The insurance industry is undergoing a revolution – technological advancements are transforming how claims are processed, putting an end to labour-intensive systems

Part of a property and casualty series supported by



Europe-based manufacturer discovered recently, the value of a policy often becomes evident only after a company has suffered a loss and made a claim. Managers at the firm in question were shocked to discover that the company’s insurance covered only 85% of what turned out to be a substantial claim. As a result, the balance had to be met from the company’s financial reserves.

What happened to the company is common: it had bought off-the-shelf protection, which then failed to meet its full and complex requirements.

The multinational’s experience illustrates two important developments in the insurance industry: the transformation that is occurring in claims-handling and the trend towards bespoke solutions. The latter, in particular, are designed to work to the advantage of bigger, continent-straddling companies with particularly complex issues.

As Nicolas Berg, AIG’s head of casualty EMEA, points out, a number of macro trends are combining to reshape entire economies. “Increased globalisation, urbanisation, the rise of a new middle class, increasing costs of healthcare: these are all long-term economic trends that the insurance industry needs to perceive as opportunities and to provide meaningful solutions for”.

A time like no other

Simultaneously, points out Berg, whose mandate covers 44 countries, the industry is seeing rapid progress in new technologies and applications that are leading to smarter, higher-performance products. “AIG believes this is a time like no other,” he enthuses.

The process of handling claims has lately taken several steps forward. As consulting firm McKinsey pointed out in a report earlier this year, the insurance industry has relied for too long on paper- based and labour-intensive systems for issuing and managing policies as well as for managing claims. The number of hand-offs between agents, adjusters and payments staff was time-consuming and, for clients, frustrating in terms of delays.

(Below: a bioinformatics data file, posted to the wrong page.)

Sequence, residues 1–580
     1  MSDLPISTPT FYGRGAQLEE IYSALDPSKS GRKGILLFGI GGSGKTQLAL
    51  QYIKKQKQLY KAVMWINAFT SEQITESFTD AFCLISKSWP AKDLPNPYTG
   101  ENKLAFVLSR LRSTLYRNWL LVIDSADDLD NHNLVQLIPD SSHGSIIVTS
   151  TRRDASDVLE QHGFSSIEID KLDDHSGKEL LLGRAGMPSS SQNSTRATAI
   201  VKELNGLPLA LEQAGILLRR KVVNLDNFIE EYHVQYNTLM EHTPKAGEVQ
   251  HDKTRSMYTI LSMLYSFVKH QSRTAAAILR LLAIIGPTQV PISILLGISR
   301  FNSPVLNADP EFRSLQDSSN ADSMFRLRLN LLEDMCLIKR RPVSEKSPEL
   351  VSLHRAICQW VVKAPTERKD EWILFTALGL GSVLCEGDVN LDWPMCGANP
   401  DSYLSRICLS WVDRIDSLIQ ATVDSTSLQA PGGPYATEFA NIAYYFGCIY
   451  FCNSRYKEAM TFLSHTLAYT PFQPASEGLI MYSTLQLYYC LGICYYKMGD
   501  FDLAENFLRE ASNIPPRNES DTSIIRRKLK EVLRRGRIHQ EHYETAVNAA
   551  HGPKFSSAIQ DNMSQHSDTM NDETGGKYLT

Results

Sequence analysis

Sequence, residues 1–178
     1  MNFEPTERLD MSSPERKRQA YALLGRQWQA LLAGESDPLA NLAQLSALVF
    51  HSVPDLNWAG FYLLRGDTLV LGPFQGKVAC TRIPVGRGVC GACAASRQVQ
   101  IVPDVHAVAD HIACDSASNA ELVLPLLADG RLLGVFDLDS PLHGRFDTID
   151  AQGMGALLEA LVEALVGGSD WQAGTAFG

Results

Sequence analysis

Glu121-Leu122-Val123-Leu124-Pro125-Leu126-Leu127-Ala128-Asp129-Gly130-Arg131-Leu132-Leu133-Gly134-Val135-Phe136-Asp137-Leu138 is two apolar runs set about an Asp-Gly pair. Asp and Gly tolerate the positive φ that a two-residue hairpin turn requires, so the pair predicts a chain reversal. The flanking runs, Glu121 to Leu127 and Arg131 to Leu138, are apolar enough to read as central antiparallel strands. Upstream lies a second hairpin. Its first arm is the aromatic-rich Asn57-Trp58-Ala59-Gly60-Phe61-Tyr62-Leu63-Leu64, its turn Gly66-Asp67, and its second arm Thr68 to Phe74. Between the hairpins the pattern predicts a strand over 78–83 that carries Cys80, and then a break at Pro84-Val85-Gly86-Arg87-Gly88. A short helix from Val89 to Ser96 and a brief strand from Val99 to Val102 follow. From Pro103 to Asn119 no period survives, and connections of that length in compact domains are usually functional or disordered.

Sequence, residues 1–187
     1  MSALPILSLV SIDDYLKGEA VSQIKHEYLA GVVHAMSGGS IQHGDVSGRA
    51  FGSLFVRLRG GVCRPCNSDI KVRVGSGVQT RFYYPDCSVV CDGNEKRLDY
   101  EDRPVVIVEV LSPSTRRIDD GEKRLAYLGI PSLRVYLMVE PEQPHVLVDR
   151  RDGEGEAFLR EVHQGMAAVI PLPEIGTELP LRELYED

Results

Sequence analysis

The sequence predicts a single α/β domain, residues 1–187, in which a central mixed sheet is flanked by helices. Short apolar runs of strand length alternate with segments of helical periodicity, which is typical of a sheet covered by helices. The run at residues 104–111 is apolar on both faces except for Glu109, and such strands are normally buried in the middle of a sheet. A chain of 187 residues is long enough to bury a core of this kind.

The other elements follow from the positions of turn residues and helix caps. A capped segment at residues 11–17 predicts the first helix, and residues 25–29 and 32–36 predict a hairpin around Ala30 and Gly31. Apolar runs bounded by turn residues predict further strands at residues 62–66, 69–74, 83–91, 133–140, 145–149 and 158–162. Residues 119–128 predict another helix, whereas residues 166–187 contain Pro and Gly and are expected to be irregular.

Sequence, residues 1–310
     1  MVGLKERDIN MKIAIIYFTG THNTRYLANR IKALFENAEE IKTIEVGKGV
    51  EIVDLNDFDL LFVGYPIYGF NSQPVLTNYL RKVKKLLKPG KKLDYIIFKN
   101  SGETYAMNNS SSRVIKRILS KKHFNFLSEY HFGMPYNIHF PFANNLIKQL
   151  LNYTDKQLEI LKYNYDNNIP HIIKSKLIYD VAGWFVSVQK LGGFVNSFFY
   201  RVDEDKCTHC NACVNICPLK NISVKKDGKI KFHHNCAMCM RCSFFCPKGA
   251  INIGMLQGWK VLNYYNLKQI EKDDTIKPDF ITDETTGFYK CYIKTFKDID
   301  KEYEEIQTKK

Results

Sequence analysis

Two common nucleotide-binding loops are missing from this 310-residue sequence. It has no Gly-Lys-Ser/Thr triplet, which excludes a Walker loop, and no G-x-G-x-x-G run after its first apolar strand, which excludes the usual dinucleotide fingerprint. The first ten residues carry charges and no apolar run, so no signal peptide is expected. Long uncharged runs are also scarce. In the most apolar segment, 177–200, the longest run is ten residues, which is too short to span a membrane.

Reform was clearly overdue. It has come in the form of IT-based solutions that streamlined the entire process, but especially in respect of claims. “New claims management systems, for example, can automatically divide claims into clusters based on their complexity, their estimated value, and the risk of fraud”, McKinsey explains. “Some claims are paid automatically, others assigned to the appropriate adjustor. This approach improves cycle times, increases customer satisfaction, and reduces revenue leakage from fraud.”

No client could possibly complain about any of the above.

AIG embraced the revolution. Its agents in the field were equipped with electronic devices loaded with proprietary software and applications that enabled investigators of employer and general liability claims to compile a report in real time. However, this is only the beginning.

All relevant documents and physical evidence can be photographed or videoed and then embedded in the report. Statements by witnesses can be taken and signed on-site. In difficult claims, video- conferencing helps settle issues between customer, adjuster and investigator. Remarkably, most of these functions can be done directly from the site.

The returns came immediately. Instead of taking seven days on average, liability reports are now filed on the same day. Defence reports are returned within two days instead of 15 days, about seven times quicker. Further, witness statements are filed 10 times faster – that is, within two days instead of 20.

However, the rapid settlement of a claim triggers an even more creative process, namely the analysis of claims data for the purposes of mitigating losses. In the long run, this is mutually beneficial for the client and the insurer.

In conclusion

As for the manufacturer that suffered the unexpected 85% shortfall in its claim, unsurprisingly, it looked to another provider for its future insurance needs.

As is increasingly the case, the solution was bespoke – the wording, consideration of sub limits, higher customer retentions and various risk mitigation measures: all were reworked, to provide clarity and certainty of coverage.

The company will never be exposed in the same way again.

This article was taken from StrategicRISK’s guide to property and casualty supported by AIG. This guide can be viewed or downloaded here.